Quote of the Day: This is a little more than a quote, more of a testimonial about Fringe from someone who has been part of Fringe as a performer, volunteer, staff member, and audience. Ariel Leaf, who’s show A Mermaid in Every Sea, was in this year’s Virtual Fringe, and one of my favorites!
The Fringe is not only incredibly unique, but vital both for artists and for growing an audience of theatre goers in the twin cities.
For artists, it levels the playing field. You can be an unknown trying to make plays for the first time or an established company, and the opportunity is equal. You put your name in an unjudging lottery and are picked on luck, not someone’s idea of your merit.
You are also incredibly free to take risks. With such a low entry fee you don’t need to worry about recouping costs. You can try the thing you’re not sure will work, or if people will like it, you can truly do the thing YOU want to do.
And you can learn from other artists. The Fringe regulars are always ready with advice from years of experience to share on everything from media savvy to keeping your show simple but spectacular.
And from your time in Fringe you can establish your work and then, often, have companies born from it, such as Transatlantic Love Affair, Walking Shadow, and Nimbus.
For audiences, many come who aren’t regular attendees in the normal theatre season, but might become so if they fall in love with what they see. They often follow (I speak from experience) an artist beyond the Fringe and attend shows they do in the regular theatre season. They try things they might not normal try because the cost is low and the run time short.
I struggled when I began to find my place in the theatre community. I started producing at the Fringe and found success and courage to produce shows outside of it. And I meet people who would become lifelong collaborators. I took my turn as a volunteer and a Fringe Staff member, and found joy helping others to succeed as well.
We call it theatre Christmas for a reason. It’s a celebration and a gift to us all. Without it, we wouldn’t discover each other, artists and audience alike.
Thank you, Ariel! I like that term, “Theatre Christmas.” It certainly felt like a gift this year!
I have been wanting to attend the MN Fringe Fest ever since I heard about it. I’ve even tried to get a spot and have one of my shows performing in Fringe. That hasn’t happened, yet. What I find fascinating about Fringe is that it is open to anyone. You don’t earn, or buy, your way into Fringe. Acts are chosen through a lottery system, and anything goes. You could have kids performing dance or a play they wrote, a stand-up comic, professional actors who perform all over, sweet stuff, edgy stuff, performances that you connect to and ones that leave you scratching your head. The performers write a description of their act, determine age appropriateness, language, warnings, etc. and the audience chooses which shows to attend, or watch, in the case of virtual Fringe.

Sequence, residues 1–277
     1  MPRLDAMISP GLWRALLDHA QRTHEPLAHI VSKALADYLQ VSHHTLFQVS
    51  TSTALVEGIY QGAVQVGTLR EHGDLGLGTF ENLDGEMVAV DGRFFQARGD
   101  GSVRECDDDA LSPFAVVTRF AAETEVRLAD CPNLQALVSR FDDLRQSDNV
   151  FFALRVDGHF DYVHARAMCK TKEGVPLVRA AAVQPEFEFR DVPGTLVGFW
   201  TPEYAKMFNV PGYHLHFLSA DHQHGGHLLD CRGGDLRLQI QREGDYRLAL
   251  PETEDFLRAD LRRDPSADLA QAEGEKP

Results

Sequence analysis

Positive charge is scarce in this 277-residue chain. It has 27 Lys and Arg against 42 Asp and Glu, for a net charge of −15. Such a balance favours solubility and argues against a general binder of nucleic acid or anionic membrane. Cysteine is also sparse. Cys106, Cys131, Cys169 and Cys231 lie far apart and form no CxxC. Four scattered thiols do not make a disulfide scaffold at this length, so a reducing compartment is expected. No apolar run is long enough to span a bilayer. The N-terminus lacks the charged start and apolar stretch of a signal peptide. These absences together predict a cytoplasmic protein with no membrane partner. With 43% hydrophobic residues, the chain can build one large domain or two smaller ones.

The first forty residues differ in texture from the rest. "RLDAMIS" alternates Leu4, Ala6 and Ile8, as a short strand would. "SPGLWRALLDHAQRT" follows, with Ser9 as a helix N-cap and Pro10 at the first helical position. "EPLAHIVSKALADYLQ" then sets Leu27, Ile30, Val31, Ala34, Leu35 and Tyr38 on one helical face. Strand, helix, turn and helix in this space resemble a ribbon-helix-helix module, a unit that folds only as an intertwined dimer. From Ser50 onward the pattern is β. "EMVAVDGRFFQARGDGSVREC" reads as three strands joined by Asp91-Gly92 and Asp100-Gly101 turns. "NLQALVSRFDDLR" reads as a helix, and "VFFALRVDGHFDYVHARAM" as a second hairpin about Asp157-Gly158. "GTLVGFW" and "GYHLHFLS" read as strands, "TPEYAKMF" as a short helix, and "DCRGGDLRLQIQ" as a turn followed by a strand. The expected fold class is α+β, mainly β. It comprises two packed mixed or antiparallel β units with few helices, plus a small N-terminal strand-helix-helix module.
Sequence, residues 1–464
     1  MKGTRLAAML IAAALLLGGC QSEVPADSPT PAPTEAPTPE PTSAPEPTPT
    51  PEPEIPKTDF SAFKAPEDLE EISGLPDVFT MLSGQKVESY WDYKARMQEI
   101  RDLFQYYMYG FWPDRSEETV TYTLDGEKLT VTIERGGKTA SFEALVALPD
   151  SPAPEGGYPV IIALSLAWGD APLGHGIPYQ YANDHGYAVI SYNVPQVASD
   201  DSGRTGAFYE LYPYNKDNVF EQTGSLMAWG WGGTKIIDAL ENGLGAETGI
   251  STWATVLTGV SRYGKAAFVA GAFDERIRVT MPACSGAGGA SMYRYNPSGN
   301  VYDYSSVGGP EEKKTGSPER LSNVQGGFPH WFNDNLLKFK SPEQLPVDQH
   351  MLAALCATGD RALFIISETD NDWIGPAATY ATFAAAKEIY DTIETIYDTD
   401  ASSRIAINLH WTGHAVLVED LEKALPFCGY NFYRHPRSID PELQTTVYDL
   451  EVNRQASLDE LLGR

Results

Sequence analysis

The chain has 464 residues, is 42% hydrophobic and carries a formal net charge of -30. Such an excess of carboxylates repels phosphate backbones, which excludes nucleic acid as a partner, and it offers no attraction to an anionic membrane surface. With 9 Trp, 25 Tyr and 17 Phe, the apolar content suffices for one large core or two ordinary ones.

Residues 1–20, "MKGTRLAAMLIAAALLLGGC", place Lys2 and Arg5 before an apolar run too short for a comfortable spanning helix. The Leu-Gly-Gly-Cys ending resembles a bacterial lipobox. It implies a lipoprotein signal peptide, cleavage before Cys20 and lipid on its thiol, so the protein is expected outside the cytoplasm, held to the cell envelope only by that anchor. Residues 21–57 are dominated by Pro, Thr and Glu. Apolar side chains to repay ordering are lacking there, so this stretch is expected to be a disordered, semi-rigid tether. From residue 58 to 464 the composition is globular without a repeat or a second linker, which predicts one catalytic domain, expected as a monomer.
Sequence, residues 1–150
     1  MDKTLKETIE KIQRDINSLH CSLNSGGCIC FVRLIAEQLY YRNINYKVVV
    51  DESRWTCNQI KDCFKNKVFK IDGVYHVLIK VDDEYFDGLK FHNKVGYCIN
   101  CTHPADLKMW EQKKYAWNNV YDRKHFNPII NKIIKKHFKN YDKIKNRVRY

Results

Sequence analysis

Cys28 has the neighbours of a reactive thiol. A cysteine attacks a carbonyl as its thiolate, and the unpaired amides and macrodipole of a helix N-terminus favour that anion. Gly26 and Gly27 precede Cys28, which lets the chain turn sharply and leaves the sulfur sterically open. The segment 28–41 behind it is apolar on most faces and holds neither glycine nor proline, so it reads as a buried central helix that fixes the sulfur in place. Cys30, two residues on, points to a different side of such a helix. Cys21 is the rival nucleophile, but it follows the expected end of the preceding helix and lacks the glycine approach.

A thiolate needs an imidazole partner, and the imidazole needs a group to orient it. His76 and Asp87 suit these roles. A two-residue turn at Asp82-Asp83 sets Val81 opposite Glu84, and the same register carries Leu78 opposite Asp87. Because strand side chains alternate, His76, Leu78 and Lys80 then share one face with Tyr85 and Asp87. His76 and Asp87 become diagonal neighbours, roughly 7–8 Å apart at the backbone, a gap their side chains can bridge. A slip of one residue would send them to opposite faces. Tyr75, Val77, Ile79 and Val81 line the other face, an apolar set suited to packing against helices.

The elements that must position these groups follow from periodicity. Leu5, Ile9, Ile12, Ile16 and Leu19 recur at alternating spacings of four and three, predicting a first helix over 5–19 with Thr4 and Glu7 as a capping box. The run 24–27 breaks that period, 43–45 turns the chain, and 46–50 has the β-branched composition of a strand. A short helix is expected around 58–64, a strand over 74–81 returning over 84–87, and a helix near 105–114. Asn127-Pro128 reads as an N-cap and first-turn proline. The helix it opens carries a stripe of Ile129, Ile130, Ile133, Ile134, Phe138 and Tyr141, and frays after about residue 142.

Since MN Fringe went virtual this year, they made it more accessible to everyone. It was a fairly risk-free experience. I was in the comfort of my own home. I could read about the shows I wanted to watch, check other bloggers’ reviews (if they saw it before I did, or were familiar with the artists), and if I didn’t care for the show, I could turn it off.
I jumped right in the first day and watched two shows offered in their “Nightly” category. You could watch recorded shows on the Digital Hub, or tune in each night for a live performance. I didn’t catch too many of those because it’s harder to commit to a 7:00 show if the kids are home, you’re eating dinner, or have other evening distractions. I found myself watching the recorded shows at various times throughout the day, while eating breakfast or lunch, during food prep, or when I had a half hour or so for a shorter show. Much of my watching revolved around food, so basically, I ate my way through Fringe!
I watched 25 Fringe shows during this 2020 Virtual Season. 14 stand out as favorites. Here they are in the order that I watched them.
The first two are from that first Nightly evening offerings on 7/30/20.
Break the Dice by The Bearded Company. I’ve watched some of these performers in live theater, so expected it to be good. It was!
And, #txtshow (on the internet) starring Brian Feldman, where the script is written by the audience, done live through Zoom. Brian reads the lines sent to him. It was a hoot. I wish I had done it again. I give Brian credit for connecting me to MN Fringe this year. It was his press invite that got me excited to give Fringe, virtually, a try. I’m glad I did.
I’m a musician, so I was drawn to the performances with music. Nature Creature by Elizabeth Alexander and friends was truly lovely. I listened to it at least twice, some songs more!